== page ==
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12 December 2013 1:00 pm ,
Vol. 342 ,
The iconic 125-year-old Lick Observatory on Mount Hamilton near San Jose, California, is facing the threat of closure...
Recent results from the Curiosity Mars rover have helped scientists formulate a plan for the next phase of its mission...
A new, remarkably powerful drug that cripples the hepatitis C virus (HCV) came to market last week, but it sells for $...
In pretoothbrush populations, gumlines would often be marred by a thick, visible crust of calcium phosphate, food...
Evolutionary biologists have long studied how the Mexican tetra, a drab fish that lives in rivers and creeks but has...
Victorian astronomers spent countless hours laboriously charting the positions of stars in the sky. Such sky mapping,...
In an ambitious project to study 1000 years of sickness and health, researchers are excavating the graveyard of the now...
Stefan Behnisch has won awards for designing science labs and other buildings that are smart, sustainable, and...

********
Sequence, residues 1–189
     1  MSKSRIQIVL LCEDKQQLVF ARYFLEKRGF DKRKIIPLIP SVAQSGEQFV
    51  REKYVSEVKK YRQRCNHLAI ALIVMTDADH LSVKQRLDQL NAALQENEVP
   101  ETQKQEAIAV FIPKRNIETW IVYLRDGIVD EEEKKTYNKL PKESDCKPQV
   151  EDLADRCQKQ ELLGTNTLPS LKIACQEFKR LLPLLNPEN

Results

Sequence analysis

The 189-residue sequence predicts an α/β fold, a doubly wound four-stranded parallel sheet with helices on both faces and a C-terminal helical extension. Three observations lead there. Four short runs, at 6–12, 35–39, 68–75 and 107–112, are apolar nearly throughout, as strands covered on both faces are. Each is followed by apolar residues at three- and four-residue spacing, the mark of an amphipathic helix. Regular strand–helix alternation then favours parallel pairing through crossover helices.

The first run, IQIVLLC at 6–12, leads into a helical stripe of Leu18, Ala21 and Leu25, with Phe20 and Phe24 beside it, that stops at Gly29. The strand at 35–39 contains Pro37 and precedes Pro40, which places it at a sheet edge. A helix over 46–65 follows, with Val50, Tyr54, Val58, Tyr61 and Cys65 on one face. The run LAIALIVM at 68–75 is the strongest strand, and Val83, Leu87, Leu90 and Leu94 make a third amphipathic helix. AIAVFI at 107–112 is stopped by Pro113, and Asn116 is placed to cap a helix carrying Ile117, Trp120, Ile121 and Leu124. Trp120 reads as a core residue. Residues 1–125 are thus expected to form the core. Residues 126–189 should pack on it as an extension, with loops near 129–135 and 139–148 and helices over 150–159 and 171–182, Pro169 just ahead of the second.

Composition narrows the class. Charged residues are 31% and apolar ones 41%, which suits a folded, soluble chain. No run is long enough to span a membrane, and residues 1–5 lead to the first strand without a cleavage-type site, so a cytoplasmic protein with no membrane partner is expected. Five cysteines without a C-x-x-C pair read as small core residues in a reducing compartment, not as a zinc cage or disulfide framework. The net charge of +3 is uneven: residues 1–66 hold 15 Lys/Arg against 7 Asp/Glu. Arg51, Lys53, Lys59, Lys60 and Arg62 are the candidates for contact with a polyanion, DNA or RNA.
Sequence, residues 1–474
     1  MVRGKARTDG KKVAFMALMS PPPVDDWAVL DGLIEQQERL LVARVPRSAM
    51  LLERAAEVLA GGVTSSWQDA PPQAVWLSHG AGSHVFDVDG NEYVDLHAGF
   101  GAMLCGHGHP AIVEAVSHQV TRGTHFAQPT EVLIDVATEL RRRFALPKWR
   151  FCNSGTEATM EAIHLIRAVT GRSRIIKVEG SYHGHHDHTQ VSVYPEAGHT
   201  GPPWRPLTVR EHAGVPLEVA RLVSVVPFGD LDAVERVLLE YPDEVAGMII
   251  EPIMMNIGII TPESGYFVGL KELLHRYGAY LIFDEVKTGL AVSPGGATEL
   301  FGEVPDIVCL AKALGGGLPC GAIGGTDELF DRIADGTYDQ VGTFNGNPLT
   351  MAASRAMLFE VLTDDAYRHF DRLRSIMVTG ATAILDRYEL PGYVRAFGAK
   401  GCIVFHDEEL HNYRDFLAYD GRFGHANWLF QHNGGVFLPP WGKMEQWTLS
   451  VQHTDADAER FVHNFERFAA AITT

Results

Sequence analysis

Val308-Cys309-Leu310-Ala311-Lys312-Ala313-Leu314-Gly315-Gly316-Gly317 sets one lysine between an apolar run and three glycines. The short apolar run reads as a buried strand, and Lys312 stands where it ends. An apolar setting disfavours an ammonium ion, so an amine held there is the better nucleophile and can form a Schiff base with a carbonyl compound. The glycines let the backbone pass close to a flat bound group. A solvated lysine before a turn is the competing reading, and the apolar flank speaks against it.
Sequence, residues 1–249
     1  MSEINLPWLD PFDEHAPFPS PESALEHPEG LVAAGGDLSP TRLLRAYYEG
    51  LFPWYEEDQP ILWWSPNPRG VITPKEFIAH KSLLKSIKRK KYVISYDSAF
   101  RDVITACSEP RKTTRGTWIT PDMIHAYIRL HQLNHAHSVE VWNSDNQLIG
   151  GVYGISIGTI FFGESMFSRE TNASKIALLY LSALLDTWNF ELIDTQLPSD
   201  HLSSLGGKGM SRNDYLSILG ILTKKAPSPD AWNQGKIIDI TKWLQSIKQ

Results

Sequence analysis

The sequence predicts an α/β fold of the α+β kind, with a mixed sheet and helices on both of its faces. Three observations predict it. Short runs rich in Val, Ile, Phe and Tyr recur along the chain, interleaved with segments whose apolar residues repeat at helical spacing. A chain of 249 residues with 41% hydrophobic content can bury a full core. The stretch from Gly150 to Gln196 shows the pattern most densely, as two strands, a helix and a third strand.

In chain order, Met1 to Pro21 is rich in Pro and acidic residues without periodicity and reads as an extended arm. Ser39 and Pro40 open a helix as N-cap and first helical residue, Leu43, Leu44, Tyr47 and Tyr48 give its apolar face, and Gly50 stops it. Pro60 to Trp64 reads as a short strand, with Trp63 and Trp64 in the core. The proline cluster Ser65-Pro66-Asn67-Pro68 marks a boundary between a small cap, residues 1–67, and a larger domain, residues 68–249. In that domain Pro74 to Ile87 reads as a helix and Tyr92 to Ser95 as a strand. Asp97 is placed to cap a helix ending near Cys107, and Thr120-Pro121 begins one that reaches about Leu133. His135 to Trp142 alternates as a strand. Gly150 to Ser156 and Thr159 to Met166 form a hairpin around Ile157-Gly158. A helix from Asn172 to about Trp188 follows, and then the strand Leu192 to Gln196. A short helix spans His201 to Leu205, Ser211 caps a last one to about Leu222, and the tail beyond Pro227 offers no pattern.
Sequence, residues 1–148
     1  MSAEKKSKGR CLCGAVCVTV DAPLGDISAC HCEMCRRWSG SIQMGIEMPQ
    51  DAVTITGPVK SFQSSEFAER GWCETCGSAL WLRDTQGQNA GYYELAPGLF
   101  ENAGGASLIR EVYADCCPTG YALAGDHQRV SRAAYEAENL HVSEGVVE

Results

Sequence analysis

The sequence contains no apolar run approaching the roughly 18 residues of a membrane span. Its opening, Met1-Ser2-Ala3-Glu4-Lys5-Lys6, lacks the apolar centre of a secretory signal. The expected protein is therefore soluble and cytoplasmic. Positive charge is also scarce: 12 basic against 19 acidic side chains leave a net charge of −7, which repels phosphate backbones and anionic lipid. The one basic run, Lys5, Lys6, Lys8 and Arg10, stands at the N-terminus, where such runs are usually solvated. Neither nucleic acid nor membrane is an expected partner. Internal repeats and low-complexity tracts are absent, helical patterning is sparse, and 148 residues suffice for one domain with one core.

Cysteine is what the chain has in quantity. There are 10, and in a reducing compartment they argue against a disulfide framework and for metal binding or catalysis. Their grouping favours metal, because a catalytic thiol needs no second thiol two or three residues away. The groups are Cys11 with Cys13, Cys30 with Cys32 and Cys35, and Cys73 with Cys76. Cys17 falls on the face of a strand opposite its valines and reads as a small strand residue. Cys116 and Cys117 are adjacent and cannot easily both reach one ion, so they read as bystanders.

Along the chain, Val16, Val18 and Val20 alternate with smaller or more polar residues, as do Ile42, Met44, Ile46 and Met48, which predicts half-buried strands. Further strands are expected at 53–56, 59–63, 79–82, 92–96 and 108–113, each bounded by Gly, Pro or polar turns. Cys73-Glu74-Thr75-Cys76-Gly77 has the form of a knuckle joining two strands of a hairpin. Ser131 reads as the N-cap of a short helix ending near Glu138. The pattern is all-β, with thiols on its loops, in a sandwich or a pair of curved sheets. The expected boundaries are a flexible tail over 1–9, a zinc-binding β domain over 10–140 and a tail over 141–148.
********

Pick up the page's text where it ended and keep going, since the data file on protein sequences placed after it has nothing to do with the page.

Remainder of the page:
- 12 December 2013 1:00 pm , Vol. 342 , #6164
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ScienceShot: Powering Up the Magnetosphere
26 September 2013 2:00 pm
Taking advantage of a rare chance alignment of eight Earth-orbiting spacecraft, space physicists have pinned down where and how the energy of the solar wind can surge Earthward to power the celestial light of the auroras and help fire up the Van Allen radiation belts. Researchers knew that the magnetosphere—Earth’s magnetic bubble of plasma—gets its energy from solar wind, which blows the plasma into its teardrop shape and stores energy by stretching and compressing the magnetosphere’s magnetic field lines (blue). These stressed magnetic field lines can merge, or reconnect, at a point about halfway between Earth and the orbit of the moon. But, contrary to expectations, the stored energy is not just released where reconnection occurs, researchers report online today in Science. Instead, energy is released at a magnetically intense “front” as reconnection slings the front toward Earth at almost 1.5 million kilometers per hour (and sends another front toward deep space). The passage of a front heats the plasma (yellow zone) and sends charged particles flying toward Earth (red arrow), where the onslaught powers both radiation belts and aurora.